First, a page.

GK: I’m a fellow at the Urban Land Institute. It’s a really top-shelf organization that’s focused on, for the most part, progressive land use policies in urban environments. Not just cities, but also suburban areas, like Chicago’s collar counties. They hadn’t had as much of a focus on transportation the last few years. So they wanted me to come in and sort of shake things up a bit and start talking, particularly to the trustees, but also to the district councils, which is what they call the local ULI councils throughout this country and the world, about what’s coming in terms of transportation policy, because things are changing at an exponential rate. It’s no longer linear change.
So that’s one of my main gigs. I also do various consulting gigs here and there, for small companies as well as major companies, usually in technology and transportation. And I’m also on your board. I’m trying to work with Clarence [Eckerson Jr., director of Streetfilms] on a little film that we want to do over in Sweden. He sent me the proposal to read through, and I’ve been so busy with the baby, I haven’t read it. But I’d like to think it would be a little bit beyond just transportation, and focus a bit more on culture. I think it would be fun to do a movie that was maybe like a typical Streetfilm meets Anthony Bourdain.
Also, NACTO created a new strategic advisory board, because NACTO has really reached another level in terms of its growth — we’re now taking on cities throughout North America, instead of just the U.S., including Toronto, including Mexico City, so it’s sort of a new era. And NACTO is also, with the incredible work done under [Former NYC DOT chief] Janette Sadik-Khan’s leadership, is now in a position where it’s got very reputable planning and design documents out there on the street. I’m actually working on the ULI adopting NACTO’s Urban Street Design Guidelines.
As you know, Malcolm Dougherty at CalTrans endorsed the design guidelines. So it’s just reaching a new point. The NACTO board members are, on a day-to-day basis, running their own agencies. So it’s useful to have some outside leadership on the longer-term vision, as well as someone looking at the Designing Cities conference and how to make it as effective as possible. We’re working on having a startup day, where we bring all the new technology startups, particularly the West Coast startups, in, so that all the people like myself and DOTs get exposure to all the latest technologies.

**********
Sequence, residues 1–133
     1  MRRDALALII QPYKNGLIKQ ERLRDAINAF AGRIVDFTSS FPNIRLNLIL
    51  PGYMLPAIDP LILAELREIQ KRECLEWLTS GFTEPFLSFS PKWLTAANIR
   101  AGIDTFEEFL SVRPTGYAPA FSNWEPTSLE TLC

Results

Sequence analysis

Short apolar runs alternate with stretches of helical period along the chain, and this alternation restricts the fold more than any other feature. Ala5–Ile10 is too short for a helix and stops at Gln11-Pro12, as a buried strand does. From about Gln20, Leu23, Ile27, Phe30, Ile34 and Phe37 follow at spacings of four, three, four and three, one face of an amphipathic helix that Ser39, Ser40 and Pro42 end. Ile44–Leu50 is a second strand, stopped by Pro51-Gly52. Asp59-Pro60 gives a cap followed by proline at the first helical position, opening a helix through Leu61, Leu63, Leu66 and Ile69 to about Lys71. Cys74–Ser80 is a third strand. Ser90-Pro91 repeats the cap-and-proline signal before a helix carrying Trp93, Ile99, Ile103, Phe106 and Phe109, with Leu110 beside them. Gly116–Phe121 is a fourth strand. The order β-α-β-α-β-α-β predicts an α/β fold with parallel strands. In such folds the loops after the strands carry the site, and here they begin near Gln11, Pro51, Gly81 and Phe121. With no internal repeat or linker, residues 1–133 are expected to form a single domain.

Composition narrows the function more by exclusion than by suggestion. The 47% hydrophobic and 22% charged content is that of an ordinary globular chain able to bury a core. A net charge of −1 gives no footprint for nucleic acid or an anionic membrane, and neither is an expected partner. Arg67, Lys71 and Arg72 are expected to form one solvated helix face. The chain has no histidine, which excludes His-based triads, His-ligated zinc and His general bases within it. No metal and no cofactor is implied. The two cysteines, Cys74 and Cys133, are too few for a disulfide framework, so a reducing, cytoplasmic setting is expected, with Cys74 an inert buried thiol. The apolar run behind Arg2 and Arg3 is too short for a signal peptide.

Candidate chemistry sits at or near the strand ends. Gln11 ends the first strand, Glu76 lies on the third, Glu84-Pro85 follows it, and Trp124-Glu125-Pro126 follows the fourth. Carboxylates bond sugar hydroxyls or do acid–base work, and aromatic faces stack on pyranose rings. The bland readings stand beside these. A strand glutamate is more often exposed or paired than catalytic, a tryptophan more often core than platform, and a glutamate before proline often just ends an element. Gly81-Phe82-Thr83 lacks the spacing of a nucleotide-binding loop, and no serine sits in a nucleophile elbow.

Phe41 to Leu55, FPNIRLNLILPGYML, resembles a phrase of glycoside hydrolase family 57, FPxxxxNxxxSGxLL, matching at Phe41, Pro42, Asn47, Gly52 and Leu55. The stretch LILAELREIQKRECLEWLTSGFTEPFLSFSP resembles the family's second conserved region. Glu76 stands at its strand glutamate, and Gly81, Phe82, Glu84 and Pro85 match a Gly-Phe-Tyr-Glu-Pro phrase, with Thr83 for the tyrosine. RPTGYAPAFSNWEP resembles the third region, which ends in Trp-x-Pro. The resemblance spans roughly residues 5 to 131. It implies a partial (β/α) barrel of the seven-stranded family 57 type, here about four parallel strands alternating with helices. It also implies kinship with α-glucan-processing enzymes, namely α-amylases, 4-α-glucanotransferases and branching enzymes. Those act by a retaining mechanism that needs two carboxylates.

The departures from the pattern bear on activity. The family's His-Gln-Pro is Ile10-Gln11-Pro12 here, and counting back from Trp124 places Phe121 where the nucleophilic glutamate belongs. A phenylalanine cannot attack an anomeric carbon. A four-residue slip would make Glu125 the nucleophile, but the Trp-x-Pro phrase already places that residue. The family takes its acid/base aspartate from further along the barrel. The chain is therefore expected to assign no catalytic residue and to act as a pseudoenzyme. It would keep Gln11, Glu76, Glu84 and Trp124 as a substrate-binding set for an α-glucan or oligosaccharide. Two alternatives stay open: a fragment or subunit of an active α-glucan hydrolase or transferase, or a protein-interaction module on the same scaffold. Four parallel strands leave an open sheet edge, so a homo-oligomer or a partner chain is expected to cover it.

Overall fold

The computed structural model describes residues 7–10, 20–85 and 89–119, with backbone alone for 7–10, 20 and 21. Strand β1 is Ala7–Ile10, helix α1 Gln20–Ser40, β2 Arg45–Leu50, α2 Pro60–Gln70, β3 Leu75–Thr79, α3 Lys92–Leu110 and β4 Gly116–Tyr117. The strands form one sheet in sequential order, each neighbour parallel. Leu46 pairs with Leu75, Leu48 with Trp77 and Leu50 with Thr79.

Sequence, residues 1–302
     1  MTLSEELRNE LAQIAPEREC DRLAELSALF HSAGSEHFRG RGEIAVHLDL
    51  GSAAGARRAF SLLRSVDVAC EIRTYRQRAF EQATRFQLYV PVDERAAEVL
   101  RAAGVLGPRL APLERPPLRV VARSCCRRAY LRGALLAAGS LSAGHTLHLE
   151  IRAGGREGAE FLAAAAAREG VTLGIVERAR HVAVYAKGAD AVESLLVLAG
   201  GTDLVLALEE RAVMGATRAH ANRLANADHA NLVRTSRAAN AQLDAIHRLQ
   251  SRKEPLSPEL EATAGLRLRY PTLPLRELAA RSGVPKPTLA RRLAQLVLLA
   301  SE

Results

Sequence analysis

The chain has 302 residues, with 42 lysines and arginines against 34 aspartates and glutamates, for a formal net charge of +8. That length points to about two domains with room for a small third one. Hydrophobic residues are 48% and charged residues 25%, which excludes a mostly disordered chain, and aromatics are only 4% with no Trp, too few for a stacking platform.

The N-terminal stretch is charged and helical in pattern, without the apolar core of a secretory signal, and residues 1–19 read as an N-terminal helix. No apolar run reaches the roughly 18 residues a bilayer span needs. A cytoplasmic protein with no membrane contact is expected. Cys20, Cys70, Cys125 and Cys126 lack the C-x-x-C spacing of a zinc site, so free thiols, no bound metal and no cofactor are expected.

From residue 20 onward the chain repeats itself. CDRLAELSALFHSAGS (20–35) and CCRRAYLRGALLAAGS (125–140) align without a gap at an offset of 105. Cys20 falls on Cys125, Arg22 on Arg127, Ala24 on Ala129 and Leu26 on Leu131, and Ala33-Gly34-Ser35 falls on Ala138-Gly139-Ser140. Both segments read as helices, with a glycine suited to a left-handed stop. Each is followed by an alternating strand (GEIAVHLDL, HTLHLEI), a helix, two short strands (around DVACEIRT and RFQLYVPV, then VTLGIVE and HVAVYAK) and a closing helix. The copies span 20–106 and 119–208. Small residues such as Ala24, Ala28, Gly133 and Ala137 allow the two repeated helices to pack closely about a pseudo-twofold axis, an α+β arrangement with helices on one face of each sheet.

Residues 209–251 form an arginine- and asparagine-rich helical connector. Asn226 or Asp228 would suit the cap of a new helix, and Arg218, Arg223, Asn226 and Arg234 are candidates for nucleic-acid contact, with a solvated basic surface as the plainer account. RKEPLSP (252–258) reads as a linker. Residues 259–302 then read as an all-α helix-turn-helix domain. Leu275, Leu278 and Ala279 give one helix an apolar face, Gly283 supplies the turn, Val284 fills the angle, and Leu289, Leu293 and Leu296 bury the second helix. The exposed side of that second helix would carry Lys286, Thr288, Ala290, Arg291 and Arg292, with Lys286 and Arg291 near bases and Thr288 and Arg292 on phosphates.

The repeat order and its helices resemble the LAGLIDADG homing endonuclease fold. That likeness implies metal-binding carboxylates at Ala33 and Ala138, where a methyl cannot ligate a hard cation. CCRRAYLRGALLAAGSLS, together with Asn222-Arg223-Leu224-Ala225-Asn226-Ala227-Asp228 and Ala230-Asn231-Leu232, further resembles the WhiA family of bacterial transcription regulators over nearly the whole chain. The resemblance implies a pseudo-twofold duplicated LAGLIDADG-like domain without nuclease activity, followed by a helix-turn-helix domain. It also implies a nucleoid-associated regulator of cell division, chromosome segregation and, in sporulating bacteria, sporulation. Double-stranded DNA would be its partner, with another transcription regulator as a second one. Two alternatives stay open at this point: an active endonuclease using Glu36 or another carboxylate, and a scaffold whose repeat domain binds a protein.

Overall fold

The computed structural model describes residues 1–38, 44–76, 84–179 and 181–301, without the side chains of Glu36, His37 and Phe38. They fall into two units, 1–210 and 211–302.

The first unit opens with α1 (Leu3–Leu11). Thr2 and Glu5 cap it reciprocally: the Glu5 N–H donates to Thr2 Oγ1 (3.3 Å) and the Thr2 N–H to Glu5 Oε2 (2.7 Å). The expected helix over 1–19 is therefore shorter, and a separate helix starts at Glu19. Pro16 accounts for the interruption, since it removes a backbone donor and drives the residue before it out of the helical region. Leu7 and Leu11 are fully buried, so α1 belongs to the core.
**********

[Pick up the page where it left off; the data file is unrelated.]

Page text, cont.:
And that brings me to my next thing, which is that I’m getting a little bit back to my roots. I’ve spent five years in government, and I spent 15 years in the private sector, mostly with startups. There are these guys who I’m just starting to work with now at Organic Transit. RideScout, which is a really cool, multimodal transportation app, sort of like the Kayak of local transportation, just launched in Chicago last week, and will be announcing a huge expansion next week. Transit Screen provides real-time information in the public way. These are all things that I’ve been passionate about for years.
I’m very interested in the future of how people are going to be getting around cities and next-generation transportation options, the nexus between land use and transportation, telematics and technology that make it very easy for people to switch between modes or share modes. And so I’m still looking at how to approach this business plan [for his own transportation technology startup], but a lot of the companies I’m working with, their services or products play a role in what I ultimately would like to do. But we’ll see, you know.
JG: We haven’t talked about the business you’re working on yourself. That’s kind of under wraps at the moment?
GK: It’s still being formulated.